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Re: XMLHTTPRequest: HTTP 303 response must be visible to caller

From: Mark Nottingham <mnot@yahoo-inc.com>
Date: Fri, 8 Sep 2006 21:36:12 -0700
Message-Id: <78514A32-DDB2-453C-8580-C4D2300F83A6@yahoo-inc.com>
Cc: public-webapi@w3.org, Tim Berners-Lee <timbl@w3.org>, tabulator@csail.mit.edu
To: "L. David Baron" <dbaron@dbaron.org>


RFC2616 on the Location header:

> For 3xx responses, the location SHOULD indicate the
>    server's preferred URI for automatic redirection to the resource.

...which implies that automatic redirection is sanctioned (except  
where prohibited for particular status codes).

I like the idea of a property specified by XHR; while DOM 3 does it  
as well, that isn't widely supported AFAIK. Maybe specifically refer  
to the DOM 3 properties and encourage XHR developers to implement them?

Another approach would be checking the Content-Location header, but  
that requires work on the server side.

On 2006/09/08, at 4:20 PM, L. David Baron wrote:

> On Friday 2006-09-08 18:17 -0400, Tim Berners-Lee wrote:
>> However, the XMLHTTPRequest document [2] says:
>> "If the response is an HTTP redirect (status code 301, 302, 303 or
>> 307), then it must be transparently followed (unless it violates
>> security, infinite loop precautions or the scheme isn't supported)."
>> This is a bug. The 303 response should be returned to the software,
>> so that it can interrogate the Location header, and pick up
>> information from the associated document should it wish to.  An
>> alternative would be for the history of what happened to provided in
>> linked status blocks after a single call.
> This proposal makes one use case much more complex in order to make
> another one possible.  I don't think this complexity is necessary.  If
> there were a way of determining whether one or more 303 redirects
> occurred on the way to the retrieval of the final response, would that
> be sufficient?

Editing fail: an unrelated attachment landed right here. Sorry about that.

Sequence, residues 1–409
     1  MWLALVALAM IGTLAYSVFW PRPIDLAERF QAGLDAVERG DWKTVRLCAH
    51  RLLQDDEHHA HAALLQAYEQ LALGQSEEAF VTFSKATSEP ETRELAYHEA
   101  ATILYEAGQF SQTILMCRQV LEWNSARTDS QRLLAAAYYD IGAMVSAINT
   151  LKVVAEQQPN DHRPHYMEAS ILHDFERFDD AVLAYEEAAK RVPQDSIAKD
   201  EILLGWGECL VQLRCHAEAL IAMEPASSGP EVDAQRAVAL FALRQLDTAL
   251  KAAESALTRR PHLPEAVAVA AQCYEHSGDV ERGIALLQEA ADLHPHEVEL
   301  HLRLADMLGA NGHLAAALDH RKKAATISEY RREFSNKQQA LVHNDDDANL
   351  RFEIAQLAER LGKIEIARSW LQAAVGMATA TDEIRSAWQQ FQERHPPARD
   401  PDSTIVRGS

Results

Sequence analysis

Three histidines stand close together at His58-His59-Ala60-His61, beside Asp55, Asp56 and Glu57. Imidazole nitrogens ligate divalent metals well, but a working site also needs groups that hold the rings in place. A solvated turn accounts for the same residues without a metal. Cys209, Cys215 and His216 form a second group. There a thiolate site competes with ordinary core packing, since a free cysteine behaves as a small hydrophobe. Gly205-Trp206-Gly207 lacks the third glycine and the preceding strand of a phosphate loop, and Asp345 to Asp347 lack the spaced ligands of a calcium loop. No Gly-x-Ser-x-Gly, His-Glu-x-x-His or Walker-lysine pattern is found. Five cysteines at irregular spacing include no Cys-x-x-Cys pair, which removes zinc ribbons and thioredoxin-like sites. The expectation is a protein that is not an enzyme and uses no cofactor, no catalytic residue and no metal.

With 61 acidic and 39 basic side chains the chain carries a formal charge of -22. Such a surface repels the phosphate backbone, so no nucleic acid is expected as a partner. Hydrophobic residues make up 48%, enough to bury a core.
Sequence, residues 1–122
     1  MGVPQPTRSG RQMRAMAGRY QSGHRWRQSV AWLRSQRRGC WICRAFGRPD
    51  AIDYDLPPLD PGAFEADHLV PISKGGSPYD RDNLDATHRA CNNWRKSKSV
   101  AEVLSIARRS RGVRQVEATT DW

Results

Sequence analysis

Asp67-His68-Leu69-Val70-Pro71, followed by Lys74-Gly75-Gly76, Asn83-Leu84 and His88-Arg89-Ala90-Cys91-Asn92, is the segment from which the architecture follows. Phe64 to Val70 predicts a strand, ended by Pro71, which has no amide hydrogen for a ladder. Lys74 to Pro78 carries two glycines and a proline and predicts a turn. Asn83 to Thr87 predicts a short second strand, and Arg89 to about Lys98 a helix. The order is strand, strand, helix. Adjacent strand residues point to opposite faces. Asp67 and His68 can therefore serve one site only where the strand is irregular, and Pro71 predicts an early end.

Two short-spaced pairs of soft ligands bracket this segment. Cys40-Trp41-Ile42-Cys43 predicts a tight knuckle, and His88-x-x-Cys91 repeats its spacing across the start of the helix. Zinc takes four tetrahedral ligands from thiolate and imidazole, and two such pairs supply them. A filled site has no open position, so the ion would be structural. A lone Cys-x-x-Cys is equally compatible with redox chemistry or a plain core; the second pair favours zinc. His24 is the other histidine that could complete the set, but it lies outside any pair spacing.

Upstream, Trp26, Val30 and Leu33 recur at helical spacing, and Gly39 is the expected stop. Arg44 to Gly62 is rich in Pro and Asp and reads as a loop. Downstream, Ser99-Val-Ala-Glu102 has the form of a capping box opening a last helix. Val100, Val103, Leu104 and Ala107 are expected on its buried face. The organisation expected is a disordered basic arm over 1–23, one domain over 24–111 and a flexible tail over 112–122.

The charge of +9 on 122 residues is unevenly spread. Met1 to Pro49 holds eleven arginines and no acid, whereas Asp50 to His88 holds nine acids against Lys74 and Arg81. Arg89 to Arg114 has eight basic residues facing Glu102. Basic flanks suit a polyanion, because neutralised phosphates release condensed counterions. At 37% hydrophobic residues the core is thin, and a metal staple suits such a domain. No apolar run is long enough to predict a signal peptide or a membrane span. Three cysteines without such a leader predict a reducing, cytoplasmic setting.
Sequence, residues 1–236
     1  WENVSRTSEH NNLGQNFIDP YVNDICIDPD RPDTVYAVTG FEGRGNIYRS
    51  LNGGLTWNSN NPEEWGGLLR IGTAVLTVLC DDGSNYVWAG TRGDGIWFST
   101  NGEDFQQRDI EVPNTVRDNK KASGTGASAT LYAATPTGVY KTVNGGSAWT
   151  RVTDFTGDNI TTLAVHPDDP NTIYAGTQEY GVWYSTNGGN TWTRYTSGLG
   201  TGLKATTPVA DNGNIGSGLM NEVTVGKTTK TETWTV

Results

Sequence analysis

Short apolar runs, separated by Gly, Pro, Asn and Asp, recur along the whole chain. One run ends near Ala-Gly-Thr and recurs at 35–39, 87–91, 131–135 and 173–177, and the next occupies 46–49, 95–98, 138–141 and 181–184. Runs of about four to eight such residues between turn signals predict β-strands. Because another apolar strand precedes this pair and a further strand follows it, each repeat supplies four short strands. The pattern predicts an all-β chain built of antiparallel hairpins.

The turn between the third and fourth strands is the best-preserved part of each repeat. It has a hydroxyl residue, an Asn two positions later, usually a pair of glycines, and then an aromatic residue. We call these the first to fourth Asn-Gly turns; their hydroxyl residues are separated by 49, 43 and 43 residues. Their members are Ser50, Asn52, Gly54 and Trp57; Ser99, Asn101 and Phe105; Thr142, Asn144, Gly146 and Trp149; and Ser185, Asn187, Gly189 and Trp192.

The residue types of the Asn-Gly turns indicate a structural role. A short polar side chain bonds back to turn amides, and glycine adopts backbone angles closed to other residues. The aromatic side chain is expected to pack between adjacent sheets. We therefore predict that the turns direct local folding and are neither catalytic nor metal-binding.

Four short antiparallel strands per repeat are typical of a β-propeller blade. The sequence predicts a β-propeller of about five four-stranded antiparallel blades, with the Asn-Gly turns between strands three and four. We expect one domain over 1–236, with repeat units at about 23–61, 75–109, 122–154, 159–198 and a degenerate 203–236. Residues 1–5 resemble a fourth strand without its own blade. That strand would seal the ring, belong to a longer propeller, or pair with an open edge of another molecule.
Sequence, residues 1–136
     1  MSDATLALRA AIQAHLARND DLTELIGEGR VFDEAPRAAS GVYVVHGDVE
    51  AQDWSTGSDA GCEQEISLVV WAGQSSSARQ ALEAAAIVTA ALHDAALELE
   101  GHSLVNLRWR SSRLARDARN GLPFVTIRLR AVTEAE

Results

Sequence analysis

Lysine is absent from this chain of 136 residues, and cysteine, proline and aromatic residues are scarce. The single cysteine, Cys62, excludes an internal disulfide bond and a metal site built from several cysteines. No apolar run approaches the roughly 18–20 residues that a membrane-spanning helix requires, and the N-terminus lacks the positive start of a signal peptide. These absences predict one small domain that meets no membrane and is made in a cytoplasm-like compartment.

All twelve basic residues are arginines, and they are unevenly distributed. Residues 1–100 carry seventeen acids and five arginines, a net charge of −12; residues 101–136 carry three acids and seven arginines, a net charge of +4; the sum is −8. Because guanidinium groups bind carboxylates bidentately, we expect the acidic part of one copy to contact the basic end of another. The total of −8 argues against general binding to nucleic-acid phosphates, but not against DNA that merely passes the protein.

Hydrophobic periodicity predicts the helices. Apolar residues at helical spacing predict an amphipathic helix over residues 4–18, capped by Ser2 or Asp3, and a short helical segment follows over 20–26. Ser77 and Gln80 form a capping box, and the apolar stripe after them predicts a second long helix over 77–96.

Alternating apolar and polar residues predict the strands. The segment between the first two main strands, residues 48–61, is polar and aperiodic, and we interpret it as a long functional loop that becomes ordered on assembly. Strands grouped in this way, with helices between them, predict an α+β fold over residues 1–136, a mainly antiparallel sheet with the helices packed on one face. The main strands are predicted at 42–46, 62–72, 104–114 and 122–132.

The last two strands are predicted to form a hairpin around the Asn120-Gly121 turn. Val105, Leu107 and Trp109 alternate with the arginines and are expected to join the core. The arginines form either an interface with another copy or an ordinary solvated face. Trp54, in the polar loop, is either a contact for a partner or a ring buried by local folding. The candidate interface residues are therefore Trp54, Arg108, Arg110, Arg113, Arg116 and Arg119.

>> It is also, by the way, very useful to be able to get at the 301 and
>> 302 status details, particularly when many URIs redirect to the same
>> thing, which might already have been fetched.
> This performance optimization should be expected to be made by the  
> caching implementation underlying the XMLHttpRequest  
> implementation.  In
> most cases, this should be sufficient.  (When it's not, the user  
> may in
> many cases want to check the response against a previous retrieval of
> the same resource before assuming that the contents are the same,  
> given
> the complex caching rules for HTTP.)
> Transparent redirection with implementation caching seems far less
> likely to cause the consumer of XMLHttpRequest to accidentally ignore
> the rules on caching defined for the HTTP protocol.
> Furthermore, Web authors and Web server administrators expect  
> redirects
> to "work", i.e., be followed transparently.  An XMLHttpRequest
> implementation that did not follow redirects would be considered
> unambiguously broken.  Given the rationale for the creation of 303 and
> 307 redirects given in the HTTP specification, I think authors  
> would be
> quite surprised if 303 redirects were treated differently.
>> There is also a problem with relative URIs in the destination
>> document. They should be parsed relative to the redirected URI (for a
>> 302 Moved at , not the original URI, but the software knows nothing
>> about the redirection.  This must apply also to other redirections.
> It seems like the ideal solution for this would be a  
> "responseLocation"
> or "responseURI" property that gives the URI of the document contained
> in responseText/responseXML.  I think a significant number of  
> consumers
> of XMLHttpRequest could find such a property useful.
> While I was looking at the spec [2], I noticed that a number of things
> in it are ambiguous when redirects are involved.  In particular, I
> noticed that the status and statusText properties are not clearly
> defined (which status?), and it is not clear whether
> getAllResponseHeaders includes headers from all redirection steps
> (although it seems clear for getResponseHeader).
> -David
>> [2] http://www.w3.org/TR/XMLHttpRequest/#xmlhttprequest
> -- 
> L. David Baron                                <URL: http:// 
> dbaron.org/ >
>            Technical Lead, Layout & CSS, Mozilla Corporation

Mark Nottingham
Received on Saturday, 9 September 2006 04:36:39 UTC

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